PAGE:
Expert Interview Series: Tammy Quackenbush on Fusing Californian and Korean Cuisine

Korean cuisine

Tammy Quackenbush is the writer/blogger of Koreafornian Cooking and the San Francisco Bay Area editor for ZenKimchi Food Journal. Since 2009, she has uncovered the hidden gems of Korean food culture in the San Francisco Bay area for her own blog as well as Yonhap News, Plate Magazine, Serious Eats and MarxFoods. We recently asked her about the signature flavors in Korean and Californian cuisine and how they can be replicated at home. Here’s what she had to say:

Tell us about Koreafornian. When and why did you start your site?

I saw a funky video on YouTube for a kimchi pizza that was so comical and ludicrous, I knew I could it better. That video has since been taken down but that was the genesis of Koreafornian Cooking.

I started Koreafornian Cooking in 2007, making Korean and Korean fusion cooking videos on YouTube. I have a love for Korean food and culture since I lived there in the 1990s and always believed that Korean food could be and should be just as popular in the USA as Chinese or Mexican cuisine.

I didn’t start the blog until 2009 and I began my work with ZenKimchi shortly thereafter.

Describe Korean cuisine. What are the flavors and staple dishes?

Korean cuisine is the term we use to describe food culture of the Korean peninsula, but just as there are important differences between the cuisine of the NE USA vs. the South, there are regional differences in Korean cuisine as well, shaped by thousands of years of geo-politics.

Some of the dominant flavors in Korean cuisine include lots of bold flavors such as sesame oil, garlic, onion and ginger. In North Korea, mustard oil is the most common source of heat while in the South, chili peppers, called gochu in Korean, heat up their cuisine.

Korean cuisine is also heavy on seafood, soups, herbs and vegetables. Korean cuisine is not as carnivorous as the restaurants in Koreatown in LA or NYC.

The stereotypical Korean home cooked meal consists of grilled fish, a soup, four to six different small vegetable dishes called banchan, kimchi and a bowl of white rice. This would be true for breakfast, lunch or dinner.

What are your all-time favorite Korean dishes?

My favorite Korean meal is a dish called dakgalbi, which is closely connected to the Korean town of Chuncheon, where I lived in the 1990s. It’s made of diced chicken marinated in a spicy sauce with sliced cabbage, sweet potato and large rice noodles.

What do you think are the staples of Californian cooking?

California cuisine is all about fusion. The term “fusion cuisine” was invented in California and exported to the world. It gave people a trendy term to explain what people of divergent cultures have been doing for millennia. For example, the iconic bahn mi sandwich of Vietnam is actually a fusion of Vietnamese ingredients and flavors stuffed into a small loaf of French bread.

California is the breadbasket of the United States. We love our avocados, olive oil and wine. We think our Mexican food is the real Mexican food and California is also home to some of the best microbreweries in the world. We are also happy to export our obsession with kale to the entire English-speaking world.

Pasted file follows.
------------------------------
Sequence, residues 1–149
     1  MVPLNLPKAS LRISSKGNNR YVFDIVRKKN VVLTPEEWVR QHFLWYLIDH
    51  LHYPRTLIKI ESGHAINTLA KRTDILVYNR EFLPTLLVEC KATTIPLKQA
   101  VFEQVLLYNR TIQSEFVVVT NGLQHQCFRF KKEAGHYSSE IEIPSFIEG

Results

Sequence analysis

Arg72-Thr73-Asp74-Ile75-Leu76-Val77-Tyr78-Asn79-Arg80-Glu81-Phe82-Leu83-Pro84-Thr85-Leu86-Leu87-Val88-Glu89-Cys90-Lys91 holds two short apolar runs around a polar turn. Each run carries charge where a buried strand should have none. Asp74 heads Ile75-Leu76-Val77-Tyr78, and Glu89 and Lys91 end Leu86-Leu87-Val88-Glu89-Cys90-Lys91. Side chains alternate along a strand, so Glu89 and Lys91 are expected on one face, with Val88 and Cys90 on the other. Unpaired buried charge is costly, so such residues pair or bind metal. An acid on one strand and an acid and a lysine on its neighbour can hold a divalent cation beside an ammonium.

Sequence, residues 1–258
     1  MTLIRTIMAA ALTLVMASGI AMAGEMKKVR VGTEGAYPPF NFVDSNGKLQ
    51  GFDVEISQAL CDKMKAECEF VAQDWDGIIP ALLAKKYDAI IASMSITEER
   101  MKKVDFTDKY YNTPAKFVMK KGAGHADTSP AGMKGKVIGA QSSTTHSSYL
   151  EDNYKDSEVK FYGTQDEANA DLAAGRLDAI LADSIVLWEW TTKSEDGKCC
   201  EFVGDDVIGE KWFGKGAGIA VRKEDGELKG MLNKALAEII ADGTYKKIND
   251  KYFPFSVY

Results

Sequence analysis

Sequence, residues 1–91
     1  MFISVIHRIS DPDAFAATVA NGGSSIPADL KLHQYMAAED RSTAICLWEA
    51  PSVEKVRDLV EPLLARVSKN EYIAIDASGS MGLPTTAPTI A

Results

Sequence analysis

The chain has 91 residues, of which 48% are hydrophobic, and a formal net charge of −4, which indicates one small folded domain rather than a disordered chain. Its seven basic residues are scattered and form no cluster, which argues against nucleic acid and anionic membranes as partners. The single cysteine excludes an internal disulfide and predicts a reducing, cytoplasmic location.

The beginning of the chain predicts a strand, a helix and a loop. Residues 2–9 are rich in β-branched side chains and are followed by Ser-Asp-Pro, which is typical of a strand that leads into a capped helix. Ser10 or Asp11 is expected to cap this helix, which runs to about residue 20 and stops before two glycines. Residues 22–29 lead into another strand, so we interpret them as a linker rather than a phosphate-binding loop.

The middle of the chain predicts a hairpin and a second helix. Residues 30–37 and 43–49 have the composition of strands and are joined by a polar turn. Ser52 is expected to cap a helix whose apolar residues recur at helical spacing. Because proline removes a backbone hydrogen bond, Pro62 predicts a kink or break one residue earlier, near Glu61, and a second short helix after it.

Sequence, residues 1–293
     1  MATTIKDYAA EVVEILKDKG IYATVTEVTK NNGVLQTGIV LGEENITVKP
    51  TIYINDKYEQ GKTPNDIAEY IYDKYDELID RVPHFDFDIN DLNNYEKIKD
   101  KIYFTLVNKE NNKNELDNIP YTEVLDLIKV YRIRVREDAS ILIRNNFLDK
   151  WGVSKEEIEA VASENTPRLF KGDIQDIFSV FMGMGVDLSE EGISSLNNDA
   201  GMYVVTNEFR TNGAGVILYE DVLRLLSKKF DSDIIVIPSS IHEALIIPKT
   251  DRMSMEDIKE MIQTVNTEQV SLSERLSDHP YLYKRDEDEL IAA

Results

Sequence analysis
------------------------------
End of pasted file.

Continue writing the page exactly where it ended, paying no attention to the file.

Why do you think the two cuisines pair well together?

Koreafornian Cooking was a way of describing my style of cooking, which was about trying to meld Korean ingredients into American cuisine and also interspersing Western ingredients into Korean dishes to show that fusion can work both directions.

The main reason that Korean cuisine and California cuisine work well together is both cultures are obsessed with using the freshest, most local ingredients possible. Koreans have held close to the old food traditions such as fermentation, foraging and super local food sourcing that Californians are now picking up.

What advice can you offer tracking down the right ingredients for Korean/Californian cuisine?

Despite the Californian emphasis on locally sourced products, some Korean ingredients can still only be found in Korea and imported to North America. As recently as five years ago, I would refer people to Korean or Asian groceries stores to find Korean ingredients such as gochujang (Korean red pepper paste) and doenjang (Korean soybean paste, similar but bolder than miso) but now, many Korean ingredients, such as kimchi, gochujang and Korean BBQ marinades can easily be found in many large grocery store chains all over North America.

What’s one of your favorite, go-to Koreafornian dishes?

For modern families, time is money, even at dinner time. One of my favorite recipes is actually more Korean than it is Koreafornian: Kimchi tuna jjigae, which is a simple kimchi stew made with tuna. All you have to do is add some cooked rice , and a nice salad and you have a light evening meal.

What are your must-have kitchen tools?

One of the most important must-have kitchen tools for a Korean kitchen is a rice cooker, that can be set to handle white, brown and sushi rice. There are many Korean recipes for rice porridge and a good rice cooker should be a multitasker. One also needs a good knife set, a garlic press and a sturdy wok.

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